I Liked It Better When…

I liked it better when the music came in vinyl, with double albums and plenty of pictures and liner notes by famous rock writers, that you’d read and re-read and re-read because you were high after cleaning your dope and rolling joints on said double albums.

I liked it better when when planes were flown with precision and landed safely, and not into buildings, and there was more to eat on a flight than a salted peanut or two and you could keep your shoes and belt and coat on.

I liked it better when the people with all the money were older well at least 50 or so — or were, maybe, politicians, wheelin and dealin in smoke filled back rooms (who cares what they did I mean they were politicians.)

And when, if you were in a far right wing group like the John Birch Society, or some such, you were roundly pilloried for being a heartless anti-working class scumbag and oddball an outkast an outlier a liar a thief in the night a stealer of dreams not a mainstream hero with actual political clout and a blog a column a tv show.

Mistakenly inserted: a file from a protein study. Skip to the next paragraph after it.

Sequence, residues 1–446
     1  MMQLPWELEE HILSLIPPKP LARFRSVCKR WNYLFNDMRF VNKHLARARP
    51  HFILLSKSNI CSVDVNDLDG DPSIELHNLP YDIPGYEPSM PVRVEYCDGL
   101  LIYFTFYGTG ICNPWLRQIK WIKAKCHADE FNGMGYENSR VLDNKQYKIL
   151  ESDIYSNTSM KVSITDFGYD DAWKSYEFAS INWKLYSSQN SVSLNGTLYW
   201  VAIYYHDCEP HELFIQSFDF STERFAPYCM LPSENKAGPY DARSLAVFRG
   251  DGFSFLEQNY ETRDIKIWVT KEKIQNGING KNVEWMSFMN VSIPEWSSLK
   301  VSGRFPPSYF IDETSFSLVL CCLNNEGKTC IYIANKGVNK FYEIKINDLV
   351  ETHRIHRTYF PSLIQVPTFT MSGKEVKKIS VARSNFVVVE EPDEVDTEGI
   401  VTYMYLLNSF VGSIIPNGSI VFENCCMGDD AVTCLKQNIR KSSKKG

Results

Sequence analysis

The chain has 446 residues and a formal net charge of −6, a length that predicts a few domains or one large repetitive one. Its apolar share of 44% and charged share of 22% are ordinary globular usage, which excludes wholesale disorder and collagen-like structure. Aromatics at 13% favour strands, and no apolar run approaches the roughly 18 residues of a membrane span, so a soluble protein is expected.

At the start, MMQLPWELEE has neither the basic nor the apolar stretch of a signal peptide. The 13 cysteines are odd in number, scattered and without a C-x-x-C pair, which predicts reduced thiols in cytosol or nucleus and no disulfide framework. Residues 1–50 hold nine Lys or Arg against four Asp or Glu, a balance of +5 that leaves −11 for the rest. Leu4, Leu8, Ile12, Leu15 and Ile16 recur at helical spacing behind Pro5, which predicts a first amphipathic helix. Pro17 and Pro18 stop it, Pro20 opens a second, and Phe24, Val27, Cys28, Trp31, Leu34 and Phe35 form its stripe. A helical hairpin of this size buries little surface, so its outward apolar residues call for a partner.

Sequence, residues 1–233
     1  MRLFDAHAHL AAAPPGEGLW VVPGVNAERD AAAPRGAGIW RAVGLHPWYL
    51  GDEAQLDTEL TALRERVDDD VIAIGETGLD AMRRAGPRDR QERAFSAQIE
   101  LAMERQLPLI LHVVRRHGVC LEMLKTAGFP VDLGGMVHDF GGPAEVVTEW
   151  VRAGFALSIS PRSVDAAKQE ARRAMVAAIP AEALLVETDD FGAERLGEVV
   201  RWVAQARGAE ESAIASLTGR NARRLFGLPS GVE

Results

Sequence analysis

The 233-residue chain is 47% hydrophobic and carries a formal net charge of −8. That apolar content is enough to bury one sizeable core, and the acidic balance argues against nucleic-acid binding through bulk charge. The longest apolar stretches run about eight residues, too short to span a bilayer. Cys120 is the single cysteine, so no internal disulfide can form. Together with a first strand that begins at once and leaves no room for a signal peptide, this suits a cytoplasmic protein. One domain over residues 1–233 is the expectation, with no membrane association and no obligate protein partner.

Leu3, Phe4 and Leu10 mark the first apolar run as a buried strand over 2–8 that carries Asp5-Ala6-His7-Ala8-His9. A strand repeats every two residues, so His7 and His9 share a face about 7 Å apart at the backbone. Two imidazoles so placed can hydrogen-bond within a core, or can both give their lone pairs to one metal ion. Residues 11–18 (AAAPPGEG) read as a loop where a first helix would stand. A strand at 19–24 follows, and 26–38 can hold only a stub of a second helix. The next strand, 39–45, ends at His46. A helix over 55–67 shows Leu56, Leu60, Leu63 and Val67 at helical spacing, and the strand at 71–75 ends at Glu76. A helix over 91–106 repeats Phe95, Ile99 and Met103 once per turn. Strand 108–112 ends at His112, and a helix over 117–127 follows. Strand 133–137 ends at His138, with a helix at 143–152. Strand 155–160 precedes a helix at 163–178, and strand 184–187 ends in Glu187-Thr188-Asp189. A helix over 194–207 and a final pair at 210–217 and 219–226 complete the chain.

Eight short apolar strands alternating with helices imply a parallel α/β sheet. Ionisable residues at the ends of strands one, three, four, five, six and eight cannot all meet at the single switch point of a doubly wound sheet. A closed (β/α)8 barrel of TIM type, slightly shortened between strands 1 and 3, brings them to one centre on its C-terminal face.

I liked it better when a wacko’s only hope for notoriety was a soapbox and megaphone on the corner, or mimeographed fliers that you’d smell the chemicals off of and pretend it got you high like when you did for the girls in grammar school when the homework assignments were passed back from the teacher.

I liked it better when you just took the fookin job and when the HR person started talking about benefits about healthcare about sick days about paid holidays you drifted into the twilight zone because hooray hooray you were young and gonna celebrate because you got the job and who cared about all that other malarkey.

And when weekends were free from emails and texts and beeps and boops and noises of all manner that keep you shackled keep you tethered keep you harnessed but good every minute even the mornings with the industrial strength tequila hangovers that threaten to split your skull like a broad sword.